In 1994, millions of Californians voted in favor of ballot measure Proposition 187. The initiative would have denied most social services to illegal aliens and eliminated a magnet for people to enter the state unlawfully. The measure passed overwhelmingly. Then pro-illegal-alien groups set out to overturn the will of the voters through lawsuits and legal delays. Several years later Governor Gray Davis killed the proposition in a backroom deal with open-borders politicians and organizations, angering Californians. The proposition was never enacted, and the invasion and quality of life continued to worsen.

By the late 1990s, Californians were increasingly fed up with the immigrant tidal wave. In the worst affected areas, some stayed home to escape the constant traffic gridlock or to avoid communication barriers as foreign languages, mostly Spanish, were becoming more prevalent than English. And, shockingly, many foreigners were arrogant toward Americans, with no regard for American interests or culture.

And what about the California I remember from my youth? It no longer exists. The once golden state is many billions of dollars in debt. Most of the Los Angeles region has gone from paradise to Third World and become a Mexican colony surrounded by affluent gated communities. Much of this cultural transformation has occurred since 1988, two years after the federal government’s ill-advised amnesty triggered a nonstop flood of people mostly from Mexico.

In the 1960s, there were six million residents in Los Angeles County. Today that number has climbed to a staggering and unmanageable 10 million. Between 1994 and 2004, California’s population jumped by more than five million people, bringing the total to more than 36 million. Virtually 100 percent of the population growth for both California and L.A. is from illegal aliens, legal immigrants, and children born to them.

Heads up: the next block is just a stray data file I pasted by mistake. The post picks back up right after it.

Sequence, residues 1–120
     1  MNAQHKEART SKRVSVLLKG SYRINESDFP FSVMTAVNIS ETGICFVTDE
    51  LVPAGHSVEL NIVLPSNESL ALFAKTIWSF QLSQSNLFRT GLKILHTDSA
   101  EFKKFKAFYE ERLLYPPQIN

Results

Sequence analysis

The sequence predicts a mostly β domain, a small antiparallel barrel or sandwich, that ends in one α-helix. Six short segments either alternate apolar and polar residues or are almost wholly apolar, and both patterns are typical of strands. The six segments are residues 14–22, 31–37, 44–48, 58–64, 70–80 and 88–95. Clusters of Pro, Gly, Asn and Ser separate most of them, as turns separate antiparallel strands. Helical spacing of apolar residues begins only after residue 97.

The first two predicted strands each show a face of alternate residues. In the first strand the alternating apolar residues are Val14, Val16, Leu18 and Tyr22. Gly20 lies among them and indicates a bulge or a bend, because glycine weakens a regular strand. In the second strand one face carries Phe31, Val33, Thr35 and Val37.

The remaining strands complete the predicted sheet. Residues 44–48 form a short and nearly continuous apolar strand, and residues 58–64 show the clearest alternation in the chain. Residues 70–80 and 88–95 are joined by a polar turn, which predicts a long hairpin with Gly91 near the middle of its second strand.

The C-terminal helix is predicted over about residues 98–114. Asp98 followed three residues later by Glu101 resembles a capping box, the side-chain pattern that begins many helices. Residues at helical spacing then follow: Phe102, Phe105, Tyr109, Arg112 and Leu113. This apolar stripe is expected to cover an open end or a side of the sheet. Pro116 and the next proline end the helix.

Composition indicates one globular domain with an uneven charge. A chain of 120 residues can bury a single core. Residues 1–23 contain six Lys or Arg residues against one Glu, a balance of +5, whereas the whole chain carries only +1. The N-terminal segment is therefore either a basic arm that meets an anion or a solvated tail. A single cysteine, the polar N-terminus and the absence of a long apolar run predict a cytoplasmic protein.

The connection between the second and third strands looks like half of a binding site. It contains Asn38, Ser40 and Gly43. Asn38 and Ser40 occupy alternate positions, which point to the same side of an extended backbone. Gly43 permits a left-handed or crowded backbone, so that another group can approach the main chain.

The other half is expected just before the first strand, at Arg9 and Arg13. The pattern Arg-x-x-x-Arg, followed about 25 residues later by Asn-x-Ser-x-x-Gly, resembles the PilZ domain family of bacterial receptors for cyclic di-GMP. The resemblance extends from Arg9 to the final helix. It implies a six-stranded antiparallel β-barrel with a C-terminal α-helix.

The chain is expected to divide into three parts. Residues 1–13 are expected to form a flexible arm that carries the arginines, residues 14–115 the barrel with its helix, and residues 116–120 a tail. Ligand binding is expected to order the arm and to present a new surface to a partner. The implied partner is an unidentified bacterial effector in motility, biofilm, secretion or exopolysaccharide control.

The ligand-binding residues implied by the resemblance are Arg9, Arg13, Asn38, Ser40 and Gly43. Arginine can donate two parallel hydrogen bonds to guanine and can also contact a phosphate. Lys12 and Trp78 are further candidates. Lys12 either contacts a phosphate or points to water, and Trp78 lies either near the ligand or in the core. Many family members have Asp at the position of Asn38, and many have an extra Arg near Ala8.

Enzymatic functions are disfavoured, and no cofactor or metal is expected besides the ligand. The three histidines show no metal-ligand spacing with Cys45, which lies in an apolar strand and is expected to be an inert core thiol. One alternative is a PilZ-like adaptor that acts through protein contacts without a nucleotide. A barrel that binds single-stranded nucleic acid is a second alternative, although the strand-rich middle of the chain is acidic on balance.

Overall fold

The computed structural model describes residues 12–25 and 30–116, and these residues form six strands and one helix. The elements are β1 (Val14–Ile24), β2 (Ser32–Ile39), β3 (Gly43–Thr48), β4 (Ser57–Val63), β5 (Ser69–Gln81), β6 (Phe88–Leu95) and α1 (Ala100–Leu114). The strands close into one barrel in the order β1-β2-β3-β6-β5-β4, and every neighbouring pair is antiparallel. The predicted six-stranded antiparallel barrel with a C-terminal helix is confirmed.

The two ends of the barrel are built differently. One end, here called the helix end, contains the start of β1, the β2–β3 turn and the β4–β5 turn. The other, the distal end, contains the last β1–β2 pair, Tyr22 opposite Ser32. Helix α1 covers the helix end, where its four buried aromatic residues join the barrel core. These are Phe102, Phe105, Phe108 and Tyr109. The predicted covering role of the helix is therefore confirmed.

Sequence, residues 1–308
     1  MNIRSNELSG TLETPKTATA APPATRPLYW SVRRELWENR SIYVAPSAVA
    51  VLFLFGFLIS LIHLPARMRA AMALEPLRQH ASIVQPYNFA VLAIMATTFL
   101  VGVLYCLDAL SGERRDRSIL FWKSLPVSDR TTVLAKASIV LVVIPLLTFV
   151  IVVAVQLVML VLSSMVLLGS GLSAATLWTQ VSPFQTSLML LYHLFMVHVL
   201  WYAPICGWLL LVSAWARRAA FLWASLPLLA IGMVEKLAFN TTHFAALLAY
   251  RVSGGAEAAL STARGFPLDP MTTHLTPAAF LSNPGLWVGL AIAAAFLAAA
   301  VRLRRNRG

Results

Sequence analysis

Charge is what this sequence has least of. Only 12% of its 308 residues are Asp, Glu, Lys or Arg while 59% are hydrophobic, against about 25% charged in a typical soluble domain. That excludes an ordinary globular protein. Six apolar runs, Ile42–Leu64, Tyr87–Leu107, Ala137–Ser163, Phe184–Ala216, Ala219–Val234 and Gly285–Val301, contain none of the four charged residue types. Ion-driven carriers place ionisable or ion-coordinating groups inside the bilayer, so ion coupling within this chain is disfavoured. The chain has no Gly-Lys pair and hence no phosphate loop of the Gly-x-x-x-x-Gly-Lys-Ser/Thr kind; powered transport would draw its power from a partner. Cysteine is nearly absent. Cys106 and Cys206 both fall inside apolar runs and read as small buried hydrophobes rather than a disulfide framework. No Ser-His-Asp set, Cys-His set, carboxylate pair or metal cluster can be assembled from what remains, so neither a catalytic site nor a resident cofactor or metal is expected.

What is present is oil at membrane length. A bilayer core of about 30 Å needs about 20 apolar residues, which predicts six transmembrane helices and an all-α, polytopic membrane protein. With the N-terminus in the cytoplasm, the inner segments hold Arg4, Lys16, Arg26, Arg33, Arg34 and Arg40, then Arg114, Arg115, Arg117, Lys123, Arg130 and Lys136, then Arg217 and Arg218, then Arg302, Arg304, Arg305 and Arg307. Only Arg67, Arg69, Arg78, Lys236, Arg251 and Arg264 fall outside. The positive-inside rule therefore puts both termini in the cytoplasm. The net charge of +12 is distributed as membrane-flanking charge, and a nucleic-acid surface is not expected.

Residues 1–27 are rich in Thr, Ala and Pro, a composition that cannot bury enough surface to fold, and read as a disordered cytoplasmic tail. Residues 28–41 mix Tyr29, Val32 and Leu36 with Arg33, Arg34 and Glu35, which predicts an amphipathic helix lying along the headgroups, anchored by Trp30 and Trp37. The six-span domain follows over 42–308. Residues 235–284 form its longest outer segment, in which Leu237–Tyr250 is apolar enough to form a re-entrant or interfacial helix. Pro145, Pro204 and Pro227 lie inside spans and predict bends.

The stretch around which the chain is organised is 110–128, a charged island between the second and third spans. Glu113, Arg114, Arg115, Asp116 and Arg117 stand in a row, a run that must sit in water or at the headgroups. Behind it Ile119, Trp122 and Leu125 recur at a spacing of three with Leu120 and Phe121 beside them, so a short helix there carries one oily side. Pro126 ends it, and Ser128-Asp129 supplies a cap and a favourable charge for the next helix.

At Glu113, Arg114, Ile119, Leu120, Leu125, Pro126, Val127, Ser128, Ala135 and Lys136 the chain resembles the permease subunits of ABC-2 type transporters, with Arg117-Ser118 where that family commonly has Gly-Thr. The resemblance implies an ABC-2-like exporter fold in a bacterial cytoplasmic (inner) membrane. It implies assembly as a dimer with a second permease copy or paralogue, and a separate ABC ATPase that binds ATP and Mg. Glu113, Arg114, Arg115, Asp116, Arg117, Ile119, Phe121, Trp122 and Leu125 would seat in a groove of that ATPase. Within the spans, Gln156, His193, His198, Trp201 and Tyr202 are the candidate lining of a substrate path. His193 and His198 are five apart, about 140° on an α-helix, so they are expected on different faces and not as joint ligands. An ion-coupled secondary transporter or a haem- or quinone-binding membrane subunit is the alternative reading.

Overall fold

While local TV news anchors eagerly report on the latest celebrity trial, cosmetic surgery procedure, or movie blockbuster, the Los Angeles area is crumbling under the immigration-driven population explosion and importation of massive poverty. The region has officially become America’s poverty capital and has the worst traffic in the nation. Housing costs are the least affordable in the U.S. The area has officially become the gang capital of the world, with at least 80,000 members. Illegal-alien gangsters terrorize neighborhoods and commit virtually all of the murders in the region. Up to two-thirds of all fugitive felony warrants are for illegal aliens.

Public schools, hospitals, and jails in the L.A. area are overwhelmed, thus draining taxpayer resources. Schools have gone from best to worst in the nation, with more than 60 percent of Hispanic students dropping out of high school, the highest of any group.


Nevertheless, dozens of schools are being built, at a cost of billions of dollars to taxpayers, to accommodate illegal aliens and their children. Violence between Hispanics and American citizens occurs regularly in the schools. Hospitals become bankrupt and close every few months because countless uninsured illegals use emergency rooms for everything from primary care to birthing services and actual emergencies. More than two-thirds of the births are to illegal aliens, mostly Mexicans. Fifty-three percent of the workers in Los Angeles County aged sixteen and older can barely read, write, or speak English. Thousands of aliens loiter on street corners and in parking lots every day hoping for employers to pick them up and take them to work sites.